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ARGUMENT FOR PARAGUAY:
(July 19, 1860,)
BY JAMES M. CARLISLE, Esq.
Whatever may be the result of this case, it must be agreed that every latitude has been cheerfully accorded to the claimants, and that they have had the most abundant opportunity of establishing their pretensions, if it were possible for human ingenuity to do so.
But what, after all, have they accomplished ? I do not feel that anything is hazarded in saying that they have sig. nally failed upon every point which was essential to their
The amount of their losses, which they attributed to the supposed unjustifiable action of the Paraguayan government, after having grown, from a comparatively humble beginning, to the vast proportions of a castle in the air in the mind of a dreamer, has gradually faded away in the light of truth and reason, until all that remains is a few straw-thatched sheds and huts, a rickety second-hand engine of six horse power, a saw-mill, described by their own millwright as “a miserable affair," an assortment of implements and “notions” of little value, at San Antonio; and at Asuncion, (it is hardly exaggeration to say,) "a beggarly account of empty boxes; all under mortgage to the friendly government who had advanced to them a sum of ten thousand dollars, which had unfortunately become necessary to their very first step in the grand march in the bigh road to fabulous riches; and resulting, after the faithful application of the total value of their possession, in a balance of debt to that government of over six thousand dollars. The "violent wrongs” and “wanton outrages,” with loud complaints, of which they had inflamed the mind of the American government and people, and of which, upon their ex parte representations, they had made a prima facie case, authorizing the interference of the government, have proved, one and all, to be acts strictly justifiable, and even due to a decent self-respect in any government upon the face of the earth, not prepared to degrade itself before the world, and proclaim its imbecility to its own people. This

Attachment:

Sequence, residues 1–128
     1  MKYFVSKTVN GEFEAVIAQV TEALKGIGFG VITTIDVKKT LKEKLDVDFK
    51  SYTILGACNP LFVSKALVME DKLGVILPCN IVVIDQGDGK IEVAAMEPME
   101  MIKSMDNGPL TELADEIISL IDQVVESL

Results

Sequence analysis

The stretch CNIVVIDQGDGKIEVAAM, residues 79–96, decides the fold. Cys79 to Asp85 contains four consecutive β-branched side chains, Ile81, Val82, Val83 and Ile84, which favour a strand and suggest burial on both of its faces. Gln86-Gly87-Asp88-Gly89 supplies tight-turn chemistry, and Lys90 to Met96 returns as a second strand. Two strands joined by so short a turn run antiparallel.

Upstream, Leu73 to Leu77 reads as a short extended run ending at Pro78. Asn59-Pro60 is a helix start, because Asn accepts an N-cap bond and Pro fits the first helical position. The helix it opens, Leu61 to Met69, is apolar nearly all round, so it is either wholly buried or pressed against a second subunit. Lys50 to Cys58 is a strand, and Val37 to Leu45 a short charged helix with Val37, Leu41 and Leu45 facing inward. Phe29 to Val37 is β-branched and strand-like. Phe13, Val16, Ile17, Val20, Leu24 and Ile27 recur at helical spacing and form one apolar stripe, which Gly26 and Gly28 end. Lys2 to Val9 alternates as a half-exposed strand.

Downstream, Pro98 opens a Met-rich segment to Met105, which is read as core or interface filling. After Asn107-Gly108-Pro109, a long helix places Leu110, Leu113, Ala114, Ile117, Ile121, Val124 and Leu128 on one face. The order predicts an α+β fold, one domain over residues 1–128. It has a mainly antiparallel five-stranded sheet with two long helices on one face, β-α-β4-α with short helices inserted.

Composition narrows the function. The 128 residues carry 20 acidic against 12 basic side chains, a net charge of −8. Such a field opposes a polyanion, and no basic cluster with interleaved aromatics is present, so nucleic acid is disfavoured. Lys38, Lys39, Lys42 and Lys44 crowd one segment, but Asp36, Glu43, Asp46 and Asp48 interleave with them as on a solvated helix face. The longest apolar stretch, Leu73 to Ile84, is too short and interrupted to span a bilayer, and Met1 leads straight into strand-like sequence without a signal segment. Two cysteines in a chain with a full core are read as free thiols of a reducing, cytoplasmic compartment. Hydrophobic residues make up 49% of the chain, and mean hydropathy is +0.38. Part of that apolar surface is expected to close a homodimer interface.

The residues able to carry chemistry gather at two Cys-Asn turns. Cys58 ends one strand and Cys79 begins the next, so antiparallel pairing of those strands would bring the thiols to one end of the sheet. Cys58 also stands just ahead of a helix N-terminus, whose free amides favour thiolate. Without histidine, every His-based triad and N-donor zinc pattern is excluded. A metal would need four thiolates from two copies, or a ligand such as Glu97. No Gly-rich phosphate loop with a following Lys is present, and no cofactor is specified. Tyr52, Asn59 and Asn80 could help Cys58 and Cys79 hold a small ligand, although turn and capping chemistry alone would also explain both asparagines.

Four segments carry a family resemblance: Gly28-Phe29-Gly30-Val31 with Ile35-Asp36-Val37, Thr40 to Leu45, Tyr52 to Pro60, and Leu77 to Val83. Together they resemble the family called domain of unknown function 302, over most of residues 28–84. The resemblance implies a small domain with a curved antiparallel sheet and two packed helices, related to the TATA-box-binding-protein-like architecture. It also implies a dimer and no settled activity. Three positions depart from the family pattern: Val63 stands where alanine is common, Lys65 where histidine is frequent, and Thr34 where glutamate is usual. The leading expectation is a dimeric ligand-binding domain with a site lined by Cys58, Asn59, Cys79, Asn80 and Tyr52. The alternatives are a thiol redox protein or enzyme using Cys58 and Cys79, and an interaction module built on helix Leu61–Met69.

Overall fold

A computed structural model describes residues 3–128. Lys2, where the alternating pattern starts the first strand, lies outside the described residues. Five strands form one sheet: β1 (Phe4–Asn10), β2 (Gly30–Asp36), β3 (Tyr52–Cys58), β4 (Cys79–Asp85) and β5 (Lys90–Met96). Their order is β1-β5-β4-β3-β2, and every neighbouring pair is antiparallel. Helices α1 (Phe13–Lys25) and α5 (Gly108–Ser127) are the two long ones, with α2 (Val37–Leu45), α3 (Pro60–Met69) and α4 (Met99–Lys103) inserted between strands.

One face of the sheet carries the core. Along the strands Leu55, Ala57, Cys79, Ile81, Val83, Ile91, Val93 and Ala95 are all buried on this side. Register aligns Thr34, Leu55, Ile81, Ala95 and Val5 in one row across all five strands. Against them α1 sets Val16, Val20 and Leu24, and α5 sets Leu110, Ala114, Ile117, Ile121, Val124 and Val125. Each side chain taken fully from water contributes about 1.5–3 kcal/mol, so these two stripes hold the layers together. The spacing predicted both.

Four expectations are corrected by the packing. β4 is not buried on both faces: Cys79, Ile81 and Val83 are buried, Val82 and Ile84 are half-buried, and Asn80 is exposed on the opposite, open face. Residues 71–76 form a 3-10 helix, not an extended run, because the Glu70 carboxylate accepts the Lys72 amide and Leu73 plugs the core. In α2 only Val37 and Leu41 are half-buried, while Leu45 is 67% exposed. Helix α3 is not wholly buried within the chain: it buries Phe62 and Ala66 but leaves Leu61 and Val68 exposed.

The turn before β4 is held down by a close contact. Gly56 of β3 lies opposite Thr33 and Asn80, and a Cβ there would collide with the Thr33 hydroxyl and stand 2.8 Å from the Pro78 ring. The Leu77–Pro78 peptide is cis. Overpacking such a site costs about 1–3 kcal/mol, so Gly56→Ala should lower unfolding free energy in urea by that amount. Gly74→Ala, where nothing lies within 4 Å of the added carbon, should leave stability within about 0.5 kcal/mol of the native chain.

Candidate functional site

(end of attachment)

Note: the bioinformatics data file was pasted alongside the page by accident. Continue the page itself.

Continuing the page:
may be regarded as strong language; but it is used with deliberation, and is warranted by the unquestionable proof now in the record.
The brief history of the case, as gathered from the archives of the United States State Department, and the documentary and oral proofs exhibited by the record, appears to be substantially as follows: